Venous Thromboembolism (Blood Clots) and Cancer

If you are currently being treated for cancer, it is important to know that you are at increased risk for developing a blood clot. The good news, though, is blood clots may be preventable and treated if discovered early.

A doctor talking with a senior couple

While everyone is at risk for developing a blood clot (also called venous thromboembolism or VTE), having cancer and some of its treatments increase the risk for a blood clot. Learn other interesting facts about blood clots below.

Why Are People with Cancer at Risk for Developing a Blood Clot?

  • Some cancers pose a greater risk for blood clots, including cancers involving the pancreas, stomach, brain, lungs, uterus, ovaries, and kidneys. Certain blood cancers, such as lymphoma and myeloma, also increase risk.
  • Treatments for these cancers involving hospitalization, surgery, chemotherapy, hormonal therapy, and catheters (small tubes placed in veins to administer treatments) may also increase your risk for blood clots.

Several other factors may also increase the risk for a blood clot in a person being treated for cancer, such as

  • A previous blood clot
  • Family history of blood clots or inherited clotting disorder
  • Hospitalization for illness or major surgery, particularly those involving the pelvis, abdomen, hip, or knee
  • Broken bone or severe muscle injury
  • Severe physical trauma, such as a motor vehicle accident
  • Serious medical conditions, such as heart and lung diseases or diabetes
  • Sitting too long, such as traveling for more than 4 hours, especially with legs crossed
  • Other causes of immobility, such as extended bedrest
  • Being overweight or having obesity
  • Smoking

Take Steps to Protect Yourself from Blood Clots During Your Cancer Treatment

  • Know the signs and symptoms of blood clots. Discuss your risks with your cancer doctor.
    • A blood clot occurring in the legs or arms is called deep vein thrombosis (DVT). Signs and symptoms of a DVT include
      • Swelling of the affected limb
      • Pain or tenderness not caused by injury
      • Skin that is warm to the touch, red, or discolored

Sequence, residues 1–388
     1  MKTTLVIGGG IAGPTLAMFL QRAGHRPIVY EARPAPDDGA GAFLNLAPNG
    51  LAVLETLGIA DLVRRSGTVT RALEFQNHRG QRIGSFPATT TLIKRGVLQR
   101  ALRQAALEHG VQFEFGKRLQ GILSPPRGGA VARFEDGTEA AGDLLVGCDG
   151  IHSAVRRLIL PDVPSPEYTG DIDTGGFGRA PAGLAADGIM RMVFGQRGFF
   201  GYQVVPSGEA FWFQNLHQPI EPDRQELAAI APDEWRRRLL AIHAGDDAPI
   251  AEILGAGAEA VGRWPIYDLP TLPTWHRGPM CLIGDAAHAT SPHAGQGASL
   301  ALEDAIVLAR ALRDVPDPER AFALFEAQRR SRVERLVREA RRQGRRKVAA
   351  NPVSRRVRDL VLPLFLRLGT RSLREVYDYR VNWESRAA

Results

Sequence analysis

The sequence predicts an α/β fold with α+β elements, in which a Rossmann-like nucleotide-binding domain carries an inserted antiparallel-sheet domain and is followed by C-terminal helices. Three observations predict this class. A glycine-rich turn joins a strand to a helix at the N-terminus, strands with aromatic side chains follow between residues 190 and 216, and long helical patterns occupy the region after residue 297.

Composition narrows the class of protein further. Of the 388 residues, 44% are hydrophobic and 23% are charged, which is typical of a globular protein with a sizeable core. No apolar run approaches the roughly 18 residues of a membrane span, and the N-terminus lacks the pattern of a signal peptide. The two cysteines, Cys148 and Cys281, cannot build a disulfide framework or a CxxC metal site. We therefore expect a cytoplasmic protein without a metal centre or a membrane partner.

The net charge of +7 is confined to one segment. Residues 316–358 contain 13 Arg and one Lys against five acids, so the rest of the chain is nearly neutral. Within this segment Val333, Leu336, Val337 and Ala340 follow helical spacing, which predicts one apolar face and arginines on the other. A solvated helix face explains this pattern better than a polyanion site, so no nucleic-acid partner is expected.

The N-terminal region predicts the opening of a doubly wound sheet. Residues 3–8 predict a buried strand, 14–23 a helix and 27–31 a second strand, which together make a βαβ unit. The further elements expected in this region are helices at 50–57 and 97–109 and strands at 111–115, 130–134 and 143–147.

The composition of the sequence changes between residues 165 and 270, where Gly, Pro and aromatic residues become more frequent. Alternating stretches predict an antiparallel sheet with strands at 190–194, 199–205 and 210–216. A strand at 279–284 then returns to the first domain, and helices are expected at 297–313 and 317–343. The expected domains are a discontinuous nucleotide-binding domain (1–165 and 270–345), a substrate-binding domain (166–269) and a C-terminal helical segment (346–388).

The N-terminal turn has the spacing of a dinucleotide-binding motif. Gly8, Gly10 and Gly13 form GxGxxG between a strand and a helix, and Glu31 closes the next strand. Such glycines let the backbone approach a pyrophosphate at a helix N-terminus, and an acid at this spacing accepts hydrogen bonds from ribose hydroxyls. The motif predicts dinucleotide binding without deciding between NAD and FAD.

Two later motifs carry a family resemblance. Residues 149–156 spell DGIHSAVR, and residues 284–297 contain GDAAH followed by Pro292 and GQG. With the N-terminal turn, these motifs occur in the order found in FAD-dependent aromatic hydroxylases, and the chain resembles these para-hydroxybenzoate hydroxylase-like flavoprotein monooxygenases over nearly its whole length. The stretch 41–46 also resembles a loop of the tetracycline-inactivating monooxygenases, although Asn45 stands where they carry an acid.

If you have these signs or symptoms, alert your cancer doctor as soon as possible.
  • A blood clot in the legs or arms can break off and travel to the lungs. This is called a pulmonary embolism (PE), and can be life threatening. Signs and symptoms of a PE include
    • Difficulty breathing
    • Chest pain that worsens with a deep breath or cough
    • Coughing up blood
    • Faster than normal or irregular heartbeat
Seek immediate medical attention if you experience any of these signs or symptoms.
  • Talk with your cancer doctor and other healthcare providers about factors that might increase your risk for a blood clot. Let them know if you or anyone else in your family has ever had a blood clot.

CDC’s Work in Blood Clots and Cancer

Public Health Monitoring

In 2018, CDC funded the Association of University Centers on Disabilities (AUCD) to determine the number of people with cancer newly diagnosed with VTE in two U.S. populations:  1) Oklahoma County, Oklahoma and 2) three Duke-affiliated hospitals. AUCD provided funding to researchers at Duke University and the University of Oklahoma Health Science Center to evaluate, analyze, and share information on cancer-associated VTE in these populations. The findings of this project will provide valuable information about the burden of cancer-associated VTE in these populations, as well as how VTE is being identified and treated. Data from studies such as these are needed to improve health care outcomes for people with cancer.

Health Promotion and Education

Since 2014, CDC has funded the National Blood Clot Allianceexternal icon (NBCA) to increase general awareness of blood clots by working to develop educational materials on the public health issue of VTE. In 2019, new content has focused on the risk for blood clots among people with cancer for a digital public health education campaign called Stop the Clot, Spread the Word®external icon. This campaign was one of many CDC resources recognized in 2017 as an important asset in a collection of VTE educational resources published by The Joint Commission. pdf icon[PDF – 3.24 MB]external icon The Commission accredits and certifies nearly 21,000 healthcare organizations in the United States.

The campaign’s web portal provides people with lifesaving information about blood clots, including signs, symptoms, and prevention, as well as the factors that increase the risk for blood clots.

Please feel free to share the campaign’s educational resources with friends and family. The campaign’s digital content is provided in ways that make it easy for you to share with friends and family and across your social media networks. You can access these resources either from the campaign web portal or through the links provided below.

Campaign Video

This video shares important information about blood clot signs and symptoms, as well as the risk factors for blood clots for people who are being treated for cancer.

Campaign Infographic

This infographic shares important information about blood clot signs and symptoms, as well as the risk factors for blood clots in people who are being treated for cancer.

Campaign Checklists

Download these checklists to learn more about your risk for blood clots and how to guide a discussion with your cancer doctor.